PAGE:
Being a single mother is a very tough job.
Not only are you mother (which is a huge responsibility all by itself!), but you are also provider and protector while parenting solo. Being a single mother can be very daunting. You work hard all day and into most of the night to make sure your kids are fed, your bills are paid, and your home is secure. Even as you give out your very best, sometimes you feel like you aren’t going to make it.
I was terrified and very much a resentful single mom when Ron first went to prison. I resented the fact that I was alone and everything rested on my shoulders. It wasn’t fair, I had not signed up for this, and this is not at all what I had imagined my life would be like five years after saying, “I do.” I was struggling to keep afloat in almost every area of my life.
I had bills I couldn’t afford to pay.
I could barely afford food and clothes for my 2 boys. Anything extra – like sports or lessons – wasn’t even an option in our lives. I was overwhelmed and feeling more inadequate than ever. Like any mother, I wanted to give my children the things they needed and some things they wanted, but I just couldn’t. I knew I had to find help, or we would be homeless and starving.
"Although I was desperate, I resented having to go through the processes to get the help I needed."
I began to investigate what help was available for me to leverage until I could build a better life for my sons and myself. Desperately, I applied for food-stamps, Medicaid, and housing assistance, and I went looking for a support group. It was an incredibly humbling time in my life. I hated to ask for help, and I was so humiliated that I needed so much help to hold my family together. Although I was desperate, I also totally resented having to go through the processes to get the help I needed. I filled out application after application and went through interview after interview to get approved for help. I was embarrassed, but I was so relieved and immensely grateful for the help.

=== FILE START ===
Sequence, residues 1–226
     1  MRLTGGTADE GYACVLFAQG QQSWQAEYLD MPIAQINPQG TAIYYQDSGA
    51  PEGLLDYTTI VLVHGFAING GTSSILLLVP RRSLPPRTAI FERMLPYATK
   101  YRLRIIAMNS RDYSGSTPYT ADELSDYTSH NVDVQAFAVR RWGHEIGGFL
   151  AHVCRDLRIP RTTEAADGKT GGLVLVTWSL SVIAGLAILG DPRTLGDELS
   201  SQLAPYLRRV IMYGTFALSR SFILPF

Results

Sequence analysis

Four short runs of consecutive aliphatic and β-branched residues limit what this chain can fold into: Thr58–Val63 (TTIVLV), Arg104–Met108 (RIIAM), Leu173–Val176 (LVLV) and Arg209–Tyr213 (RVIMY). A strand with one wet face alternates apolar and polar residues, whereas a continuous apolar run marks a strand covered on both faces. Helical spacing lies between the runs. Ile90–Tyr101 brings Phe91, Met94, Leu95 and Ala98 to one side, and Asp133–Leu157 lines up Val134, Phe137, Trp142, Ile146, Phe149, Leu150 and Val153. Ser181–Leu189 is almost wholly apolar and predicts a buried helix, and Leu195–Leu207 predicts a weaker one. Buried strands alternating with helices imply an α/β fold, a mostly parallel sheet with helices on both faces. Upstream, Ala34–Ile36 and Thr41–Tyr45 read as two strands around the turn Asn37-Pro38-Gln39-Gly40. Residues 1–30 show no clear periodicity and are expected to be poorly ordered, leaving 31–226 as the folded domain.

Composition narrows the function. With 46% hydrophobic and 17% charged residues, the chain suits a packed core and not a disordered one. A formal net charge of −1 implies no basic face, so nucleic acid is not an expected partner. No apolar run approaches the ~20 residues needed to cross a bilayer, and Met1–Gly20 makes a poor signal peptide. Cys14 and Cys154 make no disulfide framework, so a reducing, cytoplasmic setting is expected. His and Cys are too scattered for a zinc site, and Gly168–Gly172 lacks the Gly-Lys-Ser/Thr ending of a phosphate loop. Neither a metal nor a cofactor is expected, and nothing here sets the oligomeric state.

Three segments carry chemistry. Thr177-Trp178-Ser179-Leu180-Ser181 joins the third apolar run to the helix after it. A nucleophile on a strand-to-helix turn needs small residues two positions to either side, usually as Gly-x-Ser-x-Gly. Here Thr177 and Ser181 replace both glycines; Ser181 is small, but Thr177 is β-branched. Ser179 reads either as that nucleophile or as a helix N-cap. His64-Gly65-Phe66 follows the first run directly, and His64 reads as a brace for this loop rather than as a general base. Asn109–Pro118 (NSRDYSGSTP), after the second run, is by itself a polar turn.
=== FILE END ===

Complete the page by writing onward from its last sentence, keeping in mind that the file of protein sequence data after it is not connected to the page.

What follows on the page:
One of my biggest concerns was housing.
I didn’t know how I was going to pay my own rent, and I didn’t want to have to add moving in with family to my children’s list of shocking life changes. HUD Section 8 housing assistance relieved a ton of pressure for me! I was able to continue living in the home I was in, because I received assistance that covered most of my rent. When we were finally accepted into the program, it was a miracle for us! I wept for joy! We didn’t have to worry about where we would live. Whew. That was a huge burden lifted off me. If you have never been in that situation—Praise God! You cannot imagine the attack of gratefulness that came over my small family.
The biggest hole in services was a support group.
There was none to be found. They didn’t exist. There were no Facebook groups, Reddit groups, forums, or meetings to be found at that time. I was astounded because I saw so many families affected. I soon came to realize that society shunned us. Our families were not considered worth saving – probably not considered at all by local communities. That is when I started my own support group. Many times, it was only one other mom that came to meet. But I started getting a lot of phone calls. So many moms needing an understanding ear, some compassion, and a lot of encouragement.